The adjudication of contractual disputes according to the rule of law is extremely important to the international business community because the PRC is an attractive market and adjudication according to the rule of law significantly increases the predictability of contractual enforcement.(21) However, because the law traditionally has been viewed from an instrumentalist perspective in the PRC.(22) the question has been raised of whether, given the PRC's current system of government, the law can ever be the kind of overlying, guiding principle that makes contractual enforcement predictable. The goal of this Note is to answer this question, at least with respect to the PRC's Foreign Economic Contract Law (FECL), which governs disputes between enterprises of the PRC and foreign businesses.(23)

II. THE RULE OF LAW RULE BY LAW AND CONTRACTS

In the West, a key characteristic of a "civil society" is autonomous economic organization and transactions. …

The rest of this article is only available to active members of Questia

Sign up now for a free, 1-day trial and receive full access to:

  • Questia's entire collection
  • Automatic bibliography creation
  • More helpful research tools like notes, citations, and highlights
  • Ad-free environment

Already a member? Log in now.

Notes for this article

Add a new note
If you are trying to select text to create highlights or citations, remember that you must now click or tap on the first word, and then click or tap on the last word.
One moment ...
Default project is now your active project.
Project items

Items saved from this article

This article has been saved
Highlights (0)
Some of your highlights are legacy items.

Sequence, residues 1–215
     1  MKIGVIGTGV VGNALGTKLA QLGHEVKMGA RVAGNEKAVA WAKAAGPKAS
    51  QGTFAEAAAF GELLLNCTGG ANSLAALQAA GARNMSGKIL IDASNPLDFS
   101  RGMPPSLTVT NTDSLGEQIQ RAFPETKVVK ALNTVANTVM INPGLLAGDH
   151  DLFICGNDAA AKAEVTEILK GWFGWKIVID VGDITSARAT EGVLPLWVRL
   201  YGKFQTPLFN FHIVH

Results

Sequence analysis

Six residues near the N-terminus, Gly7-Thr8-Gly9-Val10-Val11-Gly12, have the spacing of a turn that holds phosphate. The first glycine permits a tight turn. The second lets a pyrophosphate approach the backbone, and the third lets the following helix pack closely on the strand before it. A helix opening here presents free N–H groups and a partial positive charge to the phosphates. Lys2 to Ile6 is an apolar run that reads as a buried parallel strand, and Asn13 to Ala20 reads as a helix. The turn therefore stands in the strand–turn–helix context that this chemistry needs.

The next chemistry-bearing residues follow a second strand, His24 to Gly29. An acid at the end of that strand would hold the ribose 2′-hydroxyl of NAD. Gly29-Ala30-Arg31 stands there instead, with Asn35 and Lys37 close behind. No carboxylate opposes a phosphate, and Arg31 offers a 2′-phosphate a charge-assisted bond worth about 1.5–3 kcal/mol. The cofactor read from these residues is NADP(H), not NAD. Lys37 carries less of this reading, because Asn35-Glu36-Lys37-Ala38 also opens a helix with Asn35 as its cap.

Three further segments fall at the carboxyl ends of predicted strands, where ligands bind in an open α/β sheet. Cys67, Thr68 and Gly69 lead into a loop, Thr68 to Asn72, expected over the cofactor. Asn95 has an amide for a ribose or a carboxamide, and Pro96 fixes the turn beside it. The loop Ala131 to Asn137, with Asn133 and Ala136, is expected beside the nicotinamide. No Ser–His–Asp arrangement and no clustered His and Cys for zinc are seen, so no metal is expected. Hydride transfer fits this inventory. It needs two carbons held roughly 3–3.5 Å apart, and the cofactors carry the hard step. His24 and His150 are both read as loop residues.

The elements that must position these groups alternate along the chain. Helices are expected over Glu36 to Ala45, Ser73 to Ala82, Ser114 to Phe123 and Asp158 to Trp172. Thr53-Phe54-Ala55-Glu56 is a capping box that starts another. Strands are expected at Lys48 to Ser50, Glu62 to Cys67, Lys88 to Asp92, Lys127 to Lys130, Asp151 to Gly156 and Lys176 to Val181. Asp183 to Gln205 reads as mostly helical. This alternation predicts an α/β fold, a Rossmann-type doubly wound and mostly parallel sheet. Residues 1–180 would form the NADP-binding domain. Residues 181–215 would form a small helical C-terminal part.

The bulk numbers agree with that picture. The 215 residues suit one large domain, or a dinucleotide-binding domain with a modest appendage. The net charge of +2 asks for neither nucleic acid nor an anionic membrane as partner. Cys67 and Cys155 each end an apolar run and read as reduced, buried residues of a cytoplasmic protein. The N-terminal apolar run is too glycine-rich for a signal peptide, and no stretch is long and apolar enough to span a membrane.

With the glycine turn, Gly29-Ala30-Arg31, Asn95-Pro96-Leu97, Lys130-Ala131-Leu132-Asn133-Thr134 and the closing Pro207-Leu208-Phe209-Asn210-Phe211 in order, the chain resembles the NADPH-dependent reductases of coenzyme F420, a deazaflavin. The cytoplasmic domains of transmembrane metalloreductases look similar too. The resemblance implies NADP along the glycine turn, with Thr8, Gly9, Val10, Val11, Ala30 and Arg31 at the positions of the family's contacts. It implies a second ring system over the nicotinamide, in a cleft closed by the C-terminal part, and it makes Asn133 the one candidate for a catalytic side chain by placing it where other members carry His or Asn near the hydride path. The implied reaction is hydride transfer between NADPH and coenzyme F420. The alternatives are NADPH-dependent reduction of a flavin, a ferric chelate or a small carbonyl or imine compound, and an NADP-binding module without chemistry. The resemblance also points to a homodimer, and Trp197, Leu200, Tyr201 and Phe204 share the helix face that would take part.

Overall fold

Highlights saved before July 30, 2012 will not be displayed on their respective source pages.

You can easily re-create the highlights by opening the book page or article, selecting the text, and clicking “Highlight.”

Citations (0)
Some of your citations are legacy items.

Any citation created before July 30, 2012 will labeled as a “Cited page.” New citations will be saved as cited passages, pages or articles.

We also added the ability to view new citations from your projects or the book or article where you created them.

Notes (0)
Bookmarks (0)

You have no saved items from this article

Project items include:
  • Saved book/article
  • Highlights
  • Quotes/citations
  • Notes
  • Bookmarks
Notes
Cite this article

Cited article

Style
Citations are available only to our active members.
Sign up now to cite pages or passages in MLA, APA and Chicago citation styles.

(Einhorn, 1992, p. 25)

(Einhorn 25)

1

1. Lois J. Einhorn, Abraham Lincoln, the Orator: Penetrating the Lincoln Legend (Westport, CT: Greenwood Press, 1992), 25, http://www.questia.com/read/27419298.

Cited article

Contract Law in the People's Republic of China - Rule or Tool: Can the PRC's Foreign Economic Contract Law Be Administered According to the Rule of Law?
Settings

Settings

Typeface
Text size Smaller Larger Reset View mode
Search within

Search within this article

Look up

Look up a word

  • Dictionary
  • Thesaurus
Please submit a word or phrase above.
Print this page

Print this page

Why can't I print more than one page at a time?

Full screen

matching results for page

Cited passage

Style
Citations are available only to our active members.
Sign up now to cite pages or passages in MLA, APA and Chicago citation styles.

"Portraying himself as an honest, ordinary person helped Lincoln identify with his audiences." (Einhorn, 1992, p. 25).

"Portraying himself as an honest, ordinary person helped Lincoln identify with his audiences." (Einhorn 25)

"Portraying himself as an honest, ordinary person helped Lincoln identify with his audiences."1

1. Lois J. Einhorn, Abraham Lincoln, the Orator: Penetrating the Lincoln Legend (Westport, CT: Greenwood Press, 1992), 25, http://www.questia.com/read/27419298.

Cited passage

Thanks for trying Questia!

Please continue trying out our research tools, but please note, full functionality is available only to our active members.

Your work will be lost once you leave this Web page.

For full access in an ad-free environment, sign up now for a FREE, 1-day trial.

Already a member? Log in now.